Shallow Water Swimming vs. Deep Water Swimming

One of the biggest challenges for many new swimmers is venturing into the deep end of the pool.
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Swimming in deep water can differ from swimming in shallow water in several ways. Not only does deep water present a psychological challenge for some, it also presents dangers, challenges and benefits. Motivation to swim in deeper water can come from a desire to overcome fear, the urge to explore a new environment or try something new, or simply because swimming in deeper water allows for better swimming performance.

Overcoming Fear of Deep Water

Learning to swim and feeling comfortable in deep water do not necessarily go hand in hand. You can know how to swim, and in fact be able to swim well, in water that is not over your head, but still fear the deep end of the pool. While it is important to face your fear, it should be done under the watchful eye of a lifeguard, and it can be very helpful to work with a swim instructor who specializes in teaching swimmers who are terrified of water.

Motivation to Swim Deeper

Venturing from shallow to deeper water can open up whole new worlds.

The challenge of overcoming fear of deep water can be one motivating factor for venturing out over your head, but other attractions include the desire to explore a new environment and the sheer pleasure of freedom from gravity experienced when swimming in deep water. Many swimmers will tell you that swimming, especially in deep water, feels like flying. Once comfortable in deep water, swimmers can enjoy exploring a whole new world, especially if they learn to snorkel or SCUBA dive.

Deep Water Diving

Risk can increase as you dive into deeper waters.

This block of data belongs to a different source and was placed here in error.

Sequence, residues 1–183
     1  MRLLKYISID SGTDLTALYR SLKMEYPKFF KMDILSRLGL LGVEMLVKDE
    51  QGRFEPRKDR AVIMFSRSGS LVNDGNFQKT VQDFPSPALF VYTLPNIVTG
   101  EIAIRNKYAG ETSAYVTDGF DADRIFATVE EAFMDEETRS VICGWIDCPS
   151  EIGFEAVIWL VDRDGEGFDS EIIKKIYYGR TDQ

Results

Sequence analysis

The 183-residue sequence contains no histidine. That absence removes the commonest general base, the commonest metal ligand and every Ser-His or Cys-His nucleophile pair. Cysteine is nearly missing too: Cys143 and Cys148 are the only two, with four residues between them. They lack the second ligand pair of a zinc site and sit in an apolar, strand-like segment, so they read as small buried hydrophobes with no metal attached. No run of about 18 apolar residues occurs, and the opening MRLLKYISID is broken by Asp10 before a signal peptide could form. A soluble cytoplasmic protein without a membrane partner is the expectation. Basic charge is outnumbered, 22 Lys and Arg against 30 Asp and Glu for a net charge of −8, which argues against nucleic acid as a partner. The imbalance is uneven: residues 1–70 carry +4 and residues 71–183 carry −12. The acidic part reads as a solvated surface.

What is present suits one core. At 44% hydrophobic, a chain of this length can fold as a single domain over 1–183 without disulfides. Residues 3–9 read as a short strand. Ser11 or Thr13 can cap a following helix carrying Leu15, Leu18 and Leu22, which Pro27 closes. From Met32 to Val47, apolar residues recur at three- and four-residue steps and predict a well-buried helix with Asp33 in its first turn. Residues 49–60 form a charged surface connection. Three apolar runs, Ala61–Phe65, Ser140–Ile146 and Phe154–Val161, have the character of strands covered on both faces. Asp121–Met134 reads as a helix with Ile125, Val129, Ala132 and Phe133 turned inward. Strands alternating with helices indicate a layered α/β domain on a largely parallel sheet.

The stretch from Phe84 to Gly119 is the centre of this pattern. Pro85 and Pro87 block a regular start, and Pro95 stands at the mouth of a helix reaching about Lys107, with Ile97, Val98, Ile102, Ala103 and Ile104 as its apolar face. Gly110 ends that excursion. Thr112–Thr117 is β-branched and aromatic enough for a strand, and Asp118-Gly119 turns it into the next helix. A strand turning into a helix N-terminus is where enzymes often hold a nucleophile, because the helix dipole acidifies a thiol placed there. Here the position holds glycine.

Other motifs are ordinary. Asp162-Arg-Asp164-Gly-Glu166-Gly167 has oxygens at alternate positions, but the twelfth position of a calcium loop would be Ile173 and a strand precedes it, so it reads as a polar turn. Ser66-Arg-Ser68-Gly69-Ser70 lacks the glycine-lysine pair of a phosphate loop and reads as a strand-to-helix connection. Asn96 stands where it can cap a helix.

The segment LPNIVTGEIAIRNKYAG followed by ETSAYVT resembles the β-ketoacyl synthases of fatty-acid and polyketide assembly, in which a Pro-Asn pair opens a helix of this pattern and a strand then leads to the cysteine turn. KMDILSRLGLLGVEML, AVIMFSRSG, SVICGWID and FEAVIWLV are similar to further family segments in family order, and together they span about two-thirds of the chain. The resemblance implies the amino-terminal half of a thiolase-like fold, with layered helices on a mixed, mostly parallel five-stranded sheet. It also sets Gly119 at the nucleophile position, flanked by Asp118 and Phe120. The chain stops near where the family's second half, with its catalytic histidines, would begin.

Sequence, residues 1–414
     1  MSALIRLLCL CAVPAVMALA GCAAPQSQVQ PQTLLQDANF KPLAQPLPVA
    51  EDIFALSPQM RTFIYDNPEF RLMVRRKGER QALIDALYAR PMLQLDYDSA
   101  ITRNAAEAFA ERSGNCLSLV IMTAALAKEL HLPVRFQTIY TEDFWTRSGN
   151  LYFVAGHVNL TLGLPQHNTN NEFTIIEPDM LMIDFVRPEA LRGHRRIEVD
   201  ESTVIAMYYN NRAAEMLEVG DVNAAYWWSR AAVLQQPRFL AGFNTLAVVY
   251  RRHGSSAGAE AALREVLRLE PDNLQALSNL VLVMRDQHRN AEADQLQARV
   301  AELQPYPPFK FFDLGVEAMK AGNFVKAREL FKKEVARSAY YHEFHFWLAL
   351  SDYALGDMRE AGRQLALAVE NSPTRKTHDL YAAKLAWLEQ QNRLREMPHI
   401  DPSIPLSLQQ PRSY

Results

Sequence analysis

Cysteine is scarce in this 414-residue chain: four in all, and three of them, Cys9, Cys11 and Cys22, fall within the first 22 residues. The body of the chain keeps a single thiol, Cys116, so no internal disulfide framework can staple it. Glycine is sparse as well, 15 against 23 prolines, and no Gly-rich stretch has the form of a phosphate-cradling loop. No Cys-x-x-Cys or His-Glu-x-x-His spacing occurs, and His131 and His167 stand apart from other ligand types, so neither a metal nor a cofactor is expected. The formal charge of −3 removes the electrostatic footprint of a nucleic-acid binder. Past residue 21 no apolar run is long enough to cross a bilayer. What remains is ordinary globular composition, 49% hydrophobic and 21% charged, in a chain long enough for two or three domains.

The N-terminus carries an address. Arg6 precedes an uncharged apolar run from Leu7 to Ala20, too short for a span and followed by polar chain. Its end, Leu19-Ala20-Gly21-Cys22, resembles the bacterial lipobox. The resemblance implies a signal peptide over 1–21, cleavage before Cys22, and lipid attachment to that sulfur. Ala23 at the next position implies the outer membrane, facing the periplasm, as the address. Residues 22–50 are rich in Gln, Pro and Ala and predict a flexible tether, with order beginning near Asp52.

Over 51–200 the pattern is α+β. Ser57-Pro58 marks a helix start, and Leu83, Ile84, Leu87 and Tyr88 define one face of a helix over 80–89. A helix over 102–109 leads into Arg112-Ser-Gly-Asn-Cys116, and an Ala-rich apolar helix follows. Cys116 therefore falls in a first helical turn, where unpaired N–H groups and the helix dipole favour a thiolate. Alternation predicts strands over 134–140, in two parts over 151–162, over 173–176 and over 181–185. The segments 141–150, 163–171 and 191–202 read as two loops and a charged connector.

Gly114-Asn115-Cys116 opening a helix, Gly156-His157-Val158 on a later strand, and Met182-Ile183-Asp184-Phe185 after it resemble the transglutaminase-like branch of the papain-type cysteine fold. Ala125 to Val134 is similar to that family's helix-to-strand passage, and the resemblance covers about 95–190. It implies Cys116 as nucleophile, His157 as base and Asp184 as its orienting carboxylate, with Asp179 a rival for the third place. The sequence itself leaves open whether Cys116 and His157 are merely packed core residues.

Divers usually learn during SCUBA training not to dive deeper than 130 feet because of the increased risks of deeper water. These risks, according to Divers Alert Network, include a greater likelihood for serious problems and limited knowledge about the physiological effects of deep water diving. There are many factors that can impact a diver swimming in deep water, explains DAN, including water temperature, visibility and the diver’s own level of experience. Diving at 60 feet in cold water with limited visibility can be more dangerous than diving at 100 feet, for example, and the experience level of the diver can also play a big part in safety.

Swimmer Speed and Pool Depth

Swimmers kick underwater longer after starts and turns now than they did in years past.

A swimmer’s speed can be impacted by the depth of a pool. Water pulled along with the swimmer by friction as she swims through the water moves at the same speed as the swimmer, explains Aquatics International, but when the water comes into contact with a stationary surface it creates drag, slowing the swimmer down. Because of this, the swimmer may feel that she can swim faster in deeper water, and because competitive swimmers now spend more time underwater with the butterfly kick after starts and turns than they did only a couple of decades ago, swimming pools designed with a deeper shallow end are considered by some swimmers to be “faster” pools.

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